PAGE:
The U.S. Copyright Office may register a claim to copyright in a choreographic work, provided that (i) the work is a dance; (ii) the dance constitutes copyrightable subject matter under Section 102(a)(4) of the Copyright Act; (iii) the dance contains a sufficient amount of choreographic authorship; and (iv) the dance was created by a human author for human performers.
As the Second Circuit observed in Horgan, “dance is static and kinetic successions of bodily movement in certain rhythmic and spatial relationships,” while choreography is the composition and arrangement of “a related series of dance movements and patterns organized into a coherent whole”. When evaluating a claim to copyright in choreography, the registration specialist will use objective criteria to determine whether the work is a dance that constitutes copyrightable subject matter under Section 102(a)(4) of the Copyright Act.
In making this determination, the specialist will focus on the intrinsic nature of the work, rather than the specific performance that is reflected in the deposit copy(ies). When Congress extended copyright protection to choreographic works, it did not intend to protect all forms of dance or movement. Instead, it used the term “choreographic work” in contrast to non-compositional dances, such as social dances or simple dance routines.
The U.S. Copyright Office may register a choreographic work, provided that the dance contains a sufficient amount of choreographic authorship that was created by the choreographer. The registration specialist will use objective criteria to determine whether a choreographic work satisfies these requirements by reviewing the information provided in the application and by examining the deposit copy(ies), including the individual elements of the work as well as the dance as a whole. The specialist will not consider subjective criteria that have no bearing on whether the originality requirement has been met, such as the author’s intent, the aesthetic value, artistic merit, or intrinsic quality of the dance, or the symbolic meaning or commercial impression of the dance.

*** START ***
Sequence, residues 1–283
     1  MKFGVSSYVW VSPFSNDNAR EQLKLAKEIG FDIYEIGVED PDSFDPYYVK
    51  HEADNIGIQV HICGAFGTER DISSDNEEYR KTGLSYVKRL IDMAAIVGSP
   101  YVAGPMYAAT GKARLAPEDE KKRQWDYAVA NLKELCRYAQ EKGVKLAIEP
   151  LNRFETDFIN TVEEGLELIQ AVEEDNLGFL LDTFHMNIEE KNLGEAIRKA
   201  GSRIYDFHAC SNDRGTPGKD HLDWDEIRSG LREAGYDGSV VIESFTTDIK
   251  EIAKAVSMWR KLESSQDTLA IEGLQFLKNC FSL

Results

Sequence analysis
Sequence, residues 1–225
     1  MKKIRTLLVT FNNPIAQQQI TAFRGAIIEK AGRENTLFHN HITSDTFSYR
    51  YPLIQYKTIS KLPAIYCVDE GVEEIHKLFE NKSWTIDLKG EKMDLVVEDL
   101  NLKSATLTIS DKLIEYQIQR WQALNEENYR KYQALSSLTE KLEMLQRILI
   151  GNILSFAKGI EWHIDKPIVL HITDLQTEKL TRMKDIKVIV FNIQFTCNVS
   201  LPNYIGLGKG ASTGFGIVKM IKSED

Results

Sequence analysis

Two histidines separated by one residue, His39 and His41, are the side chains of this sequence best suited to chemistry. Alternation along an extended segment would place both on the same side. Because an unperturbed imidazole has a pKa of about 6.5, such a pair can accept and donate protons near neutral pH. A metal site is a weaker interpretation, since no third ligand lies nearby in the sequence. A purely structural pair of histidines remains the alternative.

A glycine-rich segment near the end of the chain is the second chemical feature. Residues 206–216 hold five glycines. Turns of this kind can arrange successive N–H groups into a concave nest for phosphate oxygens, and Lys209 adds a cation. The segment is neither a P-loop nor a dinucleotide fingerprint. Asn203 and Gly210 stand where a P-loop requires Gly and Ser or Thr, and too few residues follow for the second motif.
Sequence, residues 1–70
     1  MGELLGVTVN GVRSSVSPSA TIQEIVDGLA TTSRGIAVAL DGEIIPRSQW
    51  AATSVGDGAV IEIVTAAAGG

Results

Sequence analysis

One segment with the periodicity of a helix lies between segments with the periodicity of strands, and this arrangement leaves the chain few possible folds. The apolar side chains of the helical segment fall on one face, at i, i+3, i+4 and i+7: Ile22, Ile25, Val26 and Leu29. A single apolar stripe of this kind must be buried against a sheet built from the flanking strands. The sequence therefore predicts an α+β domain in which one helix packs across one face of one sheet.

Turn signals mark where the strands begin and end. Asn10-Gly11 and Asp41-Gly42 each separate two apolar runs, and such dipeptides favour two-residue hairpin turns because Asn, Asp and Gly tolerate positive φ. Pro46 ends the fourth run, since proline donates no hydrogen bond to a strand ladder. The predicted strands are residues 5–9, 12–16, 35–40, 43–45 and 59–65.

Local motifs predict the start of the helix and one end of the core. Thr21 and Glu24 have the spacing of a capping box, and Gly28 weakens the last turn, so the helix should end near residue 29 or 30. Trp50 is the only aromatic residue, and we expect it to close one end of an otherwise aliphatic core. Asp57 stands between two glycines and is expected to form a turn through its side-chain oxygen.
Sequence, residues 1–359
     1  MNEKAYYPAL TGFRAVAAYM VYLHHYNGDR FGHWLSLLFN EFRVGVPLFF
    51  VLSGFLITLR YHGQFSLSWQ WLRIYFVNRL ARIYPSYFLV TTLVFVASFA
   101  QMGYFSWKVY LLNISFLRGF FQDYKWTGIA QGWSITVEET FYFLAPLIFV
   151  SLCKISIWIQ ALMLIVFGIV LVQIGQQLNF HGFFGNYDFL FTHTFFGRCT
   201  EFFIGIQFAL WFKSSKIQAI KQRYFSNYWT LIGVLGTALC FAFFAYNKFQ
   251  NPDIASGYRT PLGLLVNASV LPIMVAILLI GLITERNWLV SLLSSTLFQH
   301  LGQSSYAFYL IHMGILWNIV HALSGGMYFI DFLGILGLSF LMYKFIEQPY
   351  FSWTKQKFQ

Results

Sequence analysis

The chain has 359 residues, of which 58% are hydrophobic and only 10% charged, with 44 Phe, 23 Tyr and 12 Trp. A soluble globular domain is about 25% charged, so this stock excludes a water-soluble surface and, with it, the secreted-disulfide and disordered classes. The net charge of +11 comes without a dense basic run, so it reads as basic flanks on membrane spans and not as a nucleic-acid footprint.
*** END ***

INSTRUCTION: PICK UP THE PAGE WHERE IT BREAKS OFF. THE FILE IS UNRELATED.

To qualify (draft) as a work of authorship a choreographic work must be created by a human being and it must be intended for execution by humans. Dances performed or intended to be performed by animals, machines, or other animate or inanimate objects are not copyrightable and cannot be registered with the U.S. Copyright Office.
Social dances, simple routines, and other uncopyrightable movements cannot be registered as separate and distinct works of authorship, even if they contain a substantial amount of creative expression. Nevertheless, uncopyrightable movements may be used as the building blocks for a choreographer’s expression, in much the same way that words and short phrases provide the basic material for writers. Choreographic works that incorporate social dance steps, simple routines, or even athletic exercises may be protected by copyright, provided that the work as a whole contains a sufficient amount of choreographic authorship.